Table of Contents | Message Board | Printable Version
STRUCTURE OF THE POEM
The Waste Land is a highly complex poem organized on the principle of a five part symphony. It opens with a compelling epigraph, which serves as a "leitmotif" to the whole poem. This epigraph introduces the ancient prophetess, the Sibyl of Cumae, and her fatal utterance of a death wish. This prophecy sets the tone for The Waste Land as a poem that focuses sharply on the deadness and utter sterility of modern civilization post-World War I Europe, Eliot felt, was on the verge of total. Collapse, due to its spiritual, intellectual, and psychological exhaustion. This central theme links up the various parts of the poem.
The entire poem is worked in the pattern of a collage, an art form popular in the 1920ís quote Eliotís own phrase in Part I, the poem presents "a heap of broken images." However, the poet is careful to ensure that these "broken images" add up to the sum total of the desolate waste land scenario, which is the dominant symbol of the poem. This waste land is projected in different ways - as a physical, natural desert as well as a socio-cultural, intellectual, and moral waste land.
Thus, in Part I, there are recurrent images of a dry, sterile landscape - a "dead land" with barren rocks, dead trees, "stony rubbish," "dry tubers," "dull roots" and "roots that clutch." These images are scattered over the two opening segments of Tiresiasí commentary. Elsewhere, in Parts I, III, and V there is the image of the "Unreal City" which runs intermittently through the poem. In Part III, the undoing of the Thames Maidens by "the loitering heirs of city directors" is reinforced by the equally sordid pictures of Sweeney patronizing Mrs. Porterís bawdy-house, or the encounter between the typist and clerk in a seedy London flat. There are several other instances of recurrent imagery that reinforces the structure of The Waste Land making it an artistically composite piece.
Another unifying principle underlying the poem is Eliotís elaborate use of the grail legend and the fertility myths of ancient Egypt Asia Minor, Greece, and even oriental regions like India. This is a very subtle, structural device woven inextricably into the fabric of the poem to give it a fine unity. Here, Eliot was indebted to the works of two famous anthropologists of his time: Ms. Jessie Westonís From Ritual to Romance (1920) and Sir James Frazerís The Golden Bough (1915).
Right through the five parts of the poem, there are also references to the maimed Fisher King of North European myths whose land is rendered waste, as its king suffers a fatal wound or disease. His kingdom and people can be saved only if a virtuous and courageous knight goes in guest of a sacred object, like Christís Holy-Grail (the cup used at Christís last supper). In the pre-Christian vegetation myths also sacrificing a young warrior to God by drowning, decapitation or burning could only restore the fertility of the land. Such legends abound in ancient Egypt and Asia Minor about sacrificial victims of fertility cults such as Adonis, Attis and Osiris.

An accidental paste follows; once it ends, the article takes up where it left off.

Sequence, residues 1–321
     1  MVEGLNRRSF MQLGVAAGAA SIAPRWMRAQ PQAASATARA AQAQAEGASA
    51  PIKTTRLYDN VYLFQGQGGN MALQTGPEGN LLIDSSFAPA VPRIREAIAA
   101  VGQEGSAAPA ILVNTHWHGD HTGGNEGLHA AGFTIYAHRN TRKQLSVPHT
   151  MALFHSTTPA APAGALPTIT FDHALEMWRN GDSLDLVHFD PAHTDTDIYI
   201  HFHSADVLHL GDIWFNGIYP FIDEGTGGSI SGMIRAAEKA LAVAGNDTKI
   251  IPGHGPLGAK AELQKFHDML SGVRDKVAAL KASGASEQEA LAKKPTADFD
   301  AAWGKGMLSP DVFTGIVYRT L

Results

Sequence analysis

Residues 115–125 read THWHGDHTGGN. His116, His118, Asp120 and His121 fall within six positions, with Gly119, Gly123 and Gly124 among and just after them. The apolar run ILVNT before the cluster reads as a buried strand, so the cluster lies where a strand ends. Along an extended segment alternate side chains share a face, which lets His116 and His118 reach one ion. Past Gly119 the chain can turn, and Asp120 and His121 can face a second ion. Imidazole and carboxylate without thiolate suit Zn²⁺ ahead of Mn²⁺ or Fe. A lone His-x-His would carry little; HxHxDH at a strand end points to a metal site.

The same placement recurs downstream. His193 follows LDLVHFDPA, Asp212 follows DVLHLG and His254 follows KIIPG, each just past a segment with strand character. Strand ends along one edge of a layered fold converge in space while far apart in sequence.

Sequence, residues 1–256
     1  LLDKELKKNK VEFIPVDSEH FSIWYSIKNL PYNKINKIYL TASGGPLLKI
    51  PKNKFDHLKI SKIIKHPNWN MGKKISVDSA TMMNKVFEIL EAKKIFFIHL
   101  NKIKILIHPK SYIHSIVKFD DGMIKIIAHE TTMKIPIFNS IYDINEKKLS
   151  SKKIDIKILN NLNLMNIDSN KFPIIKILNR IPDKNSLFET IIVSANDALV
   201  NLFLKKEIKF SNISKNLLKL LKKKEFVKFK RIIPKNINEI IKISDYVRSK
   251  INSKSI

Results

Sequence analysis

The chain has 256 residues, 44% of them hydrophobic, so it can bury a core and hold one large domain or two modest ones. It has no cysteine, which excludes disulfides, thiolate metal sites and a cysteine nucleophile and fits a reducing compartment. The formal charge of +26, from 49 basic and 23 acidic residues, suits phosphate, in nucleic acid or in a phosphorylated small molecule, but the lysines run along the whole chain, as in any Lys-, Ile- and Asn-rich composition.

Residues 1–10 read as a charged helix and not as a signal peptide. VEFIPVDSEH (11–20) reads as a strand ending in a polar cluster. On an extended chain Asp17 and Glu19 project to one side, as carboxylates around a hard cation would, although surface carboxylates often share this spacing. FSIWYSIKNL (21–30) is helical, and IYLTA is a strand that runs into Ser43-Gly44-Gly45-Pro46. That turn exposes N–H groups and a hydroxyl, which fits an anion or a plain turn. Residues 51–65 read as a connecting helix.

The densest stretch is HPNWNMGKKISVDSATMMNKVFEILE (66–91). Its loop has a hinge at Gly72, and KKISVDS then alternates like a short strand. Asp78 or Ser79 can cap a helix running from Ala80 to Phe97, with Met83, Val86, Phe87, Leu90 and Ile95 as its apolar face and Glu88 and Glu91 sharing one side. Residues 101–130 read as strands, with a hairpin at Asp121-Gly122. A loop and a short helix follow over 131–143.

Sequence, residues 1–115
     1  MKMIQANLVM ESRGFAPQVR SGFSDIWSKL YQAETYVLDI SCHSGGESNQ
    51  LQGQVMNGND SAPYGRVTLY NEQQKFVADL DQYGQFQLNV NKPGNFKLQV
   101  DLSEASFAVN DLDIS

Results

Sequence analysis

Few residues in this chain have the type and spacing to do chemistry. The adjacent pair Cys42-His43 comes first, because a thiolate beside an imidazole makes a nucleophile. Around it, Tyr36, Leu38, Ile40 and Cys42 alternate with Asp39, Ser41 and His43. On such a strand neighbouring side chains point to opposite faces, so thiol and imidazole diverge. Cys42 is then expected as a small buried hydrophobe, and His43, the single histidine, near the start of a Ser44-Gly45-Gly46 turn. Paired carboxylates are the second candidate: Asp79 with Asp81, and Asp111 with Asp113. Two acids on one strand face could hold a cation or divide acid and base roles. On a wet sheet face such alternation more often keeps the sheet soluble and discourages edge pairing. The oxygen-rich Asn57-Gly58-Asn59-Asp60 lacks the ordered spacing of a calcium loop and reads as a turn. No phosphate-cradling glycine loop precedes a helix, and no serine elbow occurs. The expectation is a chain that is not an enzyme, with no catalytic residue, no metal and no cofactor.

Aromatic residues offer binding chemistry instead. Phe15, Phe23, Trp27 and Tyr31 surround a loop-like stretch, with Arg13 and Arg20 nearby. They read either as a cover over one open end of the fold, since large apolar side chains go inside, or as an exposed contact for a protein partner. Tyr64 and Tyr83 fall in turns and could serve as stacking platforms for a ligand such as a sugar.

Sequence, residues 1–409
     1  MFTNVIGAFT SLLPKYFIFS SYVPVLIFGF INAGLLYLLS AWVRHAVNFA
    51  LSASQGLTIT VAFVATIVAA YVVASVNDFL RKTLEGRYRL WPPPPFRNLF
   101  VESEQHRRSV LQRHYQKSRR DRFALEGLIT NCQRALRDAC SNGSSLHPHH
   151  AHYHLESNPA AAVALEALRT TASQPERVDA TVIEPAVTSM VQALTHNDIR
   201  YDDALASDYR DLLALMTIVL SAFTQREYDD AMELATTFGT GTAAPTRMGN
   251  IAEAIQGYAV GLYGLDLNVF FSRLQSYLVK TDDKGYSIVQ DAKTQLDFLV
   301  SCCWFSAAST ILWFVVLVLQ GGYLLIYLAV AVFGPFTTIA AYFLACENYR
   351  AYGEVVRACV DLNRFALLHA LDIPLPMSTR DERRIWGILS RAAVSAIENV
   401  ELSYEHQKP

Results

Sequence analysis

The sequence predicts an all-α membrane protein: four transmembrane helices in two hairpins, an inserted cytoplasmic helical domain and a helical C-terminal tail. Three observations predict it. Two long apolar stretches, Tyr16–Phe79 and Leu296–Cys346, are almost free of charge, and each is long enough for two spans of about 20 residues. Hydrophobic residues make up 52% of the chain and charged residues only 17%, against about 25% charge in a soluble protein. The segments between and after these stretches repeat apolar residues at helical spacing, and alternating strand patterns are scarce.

Ironically, The Waste Land is also a pastiche of literary quotes and erudite references. The poem is liberally sprinkled with secular and religious figures drawn from history, literature, the Bible, or the sacred Hindu scriptures. Their sole purpose is to reinforce either the projection of the waste land scenario, or to bring in the theme of redemption through a spiritual quest. These rather disjointed and seemingly disparate allusions are skillfully blended into the texture of the poem to provide a not-so-easily- discernible artistic unity. Yet, it is certainly there and a tribute to Eliotís skill in constructing his poem. Every discerning reader must marvel at the way Eliot controls and masters such seemingly intractable materials drawn from so many diverse sources.
Thus, the structure of The Waste Land is vastly different from conventional, discursive poetry. It is written with a kind of cinematic technique of flashbacks, freeze-shots and stills. It also employs the Joyce an "stream of consciousness" mode used in Joyceís novel Ulysses (1920). Besides, The Waste Land owes much to the Symbolist and Imagist techniques of contemporary Anglo-European poets such as Charles Baudelaire Jules Laforgue, and Ezra pound. A combination of these myriad factors gives to the structure of The Waste Land its "unity in diversity."